Something began during the Arab Spring that is irreversible, contends Wilson Center Scholar Roberto Toscano. The Arab masses feel empowered and have set the stage for economic and social transformation.
The complexity of Arab attitudes toward Iran before and after the start of the Arab uprisings is reflected not only in the gap of perception between the Arab people and Arab governments, but also in important differences on Iran across those governments. Even among Arab governments most threatened by Iran and most inclined to see it weakened, their sense of threat and how to address it differs substantially from Israel’s sense of threat.
“Iran is reverting to the failed policies of the past,” says Middle East Program Director Haleh Esfandiari in a Q&A on the decision of 36 Iranian universities to limit access to or altogether bar women from certain academic fields.
The international community is taking gradual—yet effective—steps to secure nuclear materials, with Russia “turning the corner from nuclear problem state to nuclear solution state,” Carnegie’s Matthew Rojansky says. In this interview, he and other experts assess the 2012 Nuclear Security Summit in Seoul.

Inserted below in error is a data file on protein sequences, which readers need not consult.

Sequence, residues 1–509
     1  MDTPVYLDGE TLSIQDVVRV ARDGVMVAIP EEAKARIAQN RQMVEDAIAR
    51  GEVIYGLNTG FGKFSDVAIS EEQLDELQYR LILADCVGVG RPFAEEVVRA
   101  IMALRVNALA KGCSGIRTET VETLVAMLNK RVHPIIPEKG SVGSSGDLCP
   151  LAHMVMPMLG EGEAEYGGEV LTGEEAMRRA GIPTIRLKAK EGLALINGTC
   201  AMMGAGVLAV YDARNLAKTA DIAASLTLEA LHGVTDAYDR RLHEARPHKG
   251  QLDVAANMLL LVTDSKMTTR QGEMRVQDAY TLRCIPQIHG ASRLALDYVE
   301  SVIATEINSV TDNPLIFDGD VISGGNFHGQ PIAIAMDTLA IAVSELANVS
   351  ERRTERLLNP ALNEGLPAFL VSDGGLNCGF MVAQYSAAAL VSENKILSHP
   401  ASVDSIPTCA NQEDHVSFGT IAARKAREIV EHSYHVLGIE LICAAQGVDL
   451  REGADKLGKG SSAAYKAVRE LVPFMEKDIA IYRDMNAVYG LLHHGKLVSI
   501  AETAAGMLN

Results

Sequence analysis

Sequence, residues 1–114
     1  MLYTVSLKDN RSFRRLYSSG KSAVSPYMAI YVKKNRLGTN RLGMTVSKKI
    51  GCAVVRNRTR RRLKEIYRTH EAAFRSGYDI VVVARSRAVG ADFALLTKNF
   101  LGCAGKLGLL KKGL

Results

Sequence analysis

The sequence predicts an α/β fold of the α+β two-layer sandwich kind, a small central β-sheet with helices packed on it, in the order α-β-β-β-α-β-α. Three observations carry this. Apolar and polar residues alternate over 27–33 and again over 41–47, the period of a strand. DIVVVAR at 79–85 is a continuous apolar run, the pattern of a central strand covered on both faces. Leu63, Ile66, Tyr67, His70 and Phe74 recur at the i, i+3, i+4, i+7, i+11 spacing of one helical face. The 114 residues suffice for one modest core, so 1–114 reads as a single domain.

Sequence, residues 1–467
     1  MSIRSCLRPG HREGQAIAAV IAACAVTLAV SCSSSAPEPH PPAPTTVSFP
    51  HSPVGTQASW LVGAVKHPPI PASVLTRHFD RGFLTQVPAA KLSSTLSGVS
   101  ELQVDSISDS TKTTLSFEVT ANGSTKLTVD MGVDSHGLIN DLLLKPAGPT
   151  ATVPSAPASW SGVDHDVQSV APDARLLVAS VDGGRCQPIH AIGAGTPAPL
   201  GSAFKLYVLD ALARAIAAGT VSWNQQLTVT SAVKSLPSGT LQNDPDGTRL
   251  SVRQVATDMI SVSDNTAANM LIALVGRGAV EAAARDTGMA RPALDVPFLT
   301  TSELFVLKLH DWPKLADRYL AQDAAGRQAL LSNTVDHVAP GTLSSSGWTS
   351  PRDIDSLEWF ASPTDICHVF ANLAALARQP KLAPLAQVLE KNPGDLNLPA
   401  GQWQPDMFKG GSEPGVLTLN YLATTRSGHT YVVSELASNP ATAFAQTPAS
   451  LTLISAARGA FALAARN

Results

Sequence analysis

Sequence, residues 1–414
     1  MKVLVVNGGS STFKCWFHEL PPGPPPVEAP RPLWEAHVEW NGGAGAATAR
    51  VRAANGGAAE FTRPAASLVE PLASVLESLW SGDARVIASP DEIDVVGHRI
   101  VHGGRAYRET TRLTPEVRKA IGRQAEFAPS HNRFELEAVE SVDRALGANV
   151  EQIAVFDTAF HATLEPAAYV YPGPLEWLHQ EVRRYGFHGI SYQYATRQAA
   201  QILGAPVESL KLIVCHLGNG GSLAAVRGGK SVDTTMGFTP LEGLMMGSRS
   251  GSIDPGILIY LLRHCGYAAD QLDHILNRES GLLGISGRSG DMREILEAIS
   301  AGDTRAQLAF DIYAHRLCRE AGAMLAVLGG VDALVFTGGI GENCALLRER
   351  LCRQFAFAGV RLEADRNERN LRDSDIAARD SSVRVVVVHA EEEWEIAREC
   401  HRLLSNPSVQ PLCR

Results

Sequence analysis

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Her Majesty Shahbanu Farah Pahlavi discussed her new book, providing an account of her eventful life as the queen of Iran during two decades when her country experienced extensive change and transformation. Video of this event is available here.
When Iran meets with Western powers Saturday, it surely won’t agree to changes in its nuclear program, diplomats say, writes Public Policy Scholar Michael Adler. But an agreement to keep talking will be encouragement enough.
A series based off a set of conferences 2003-2006 on women's roles and potential in post-invasion Iraq. Selected publications also available in Arabic.
May 22, 2013 // 12:00pm — 1:00pm
May 24, 2013 // 12:00pm — 1:00pm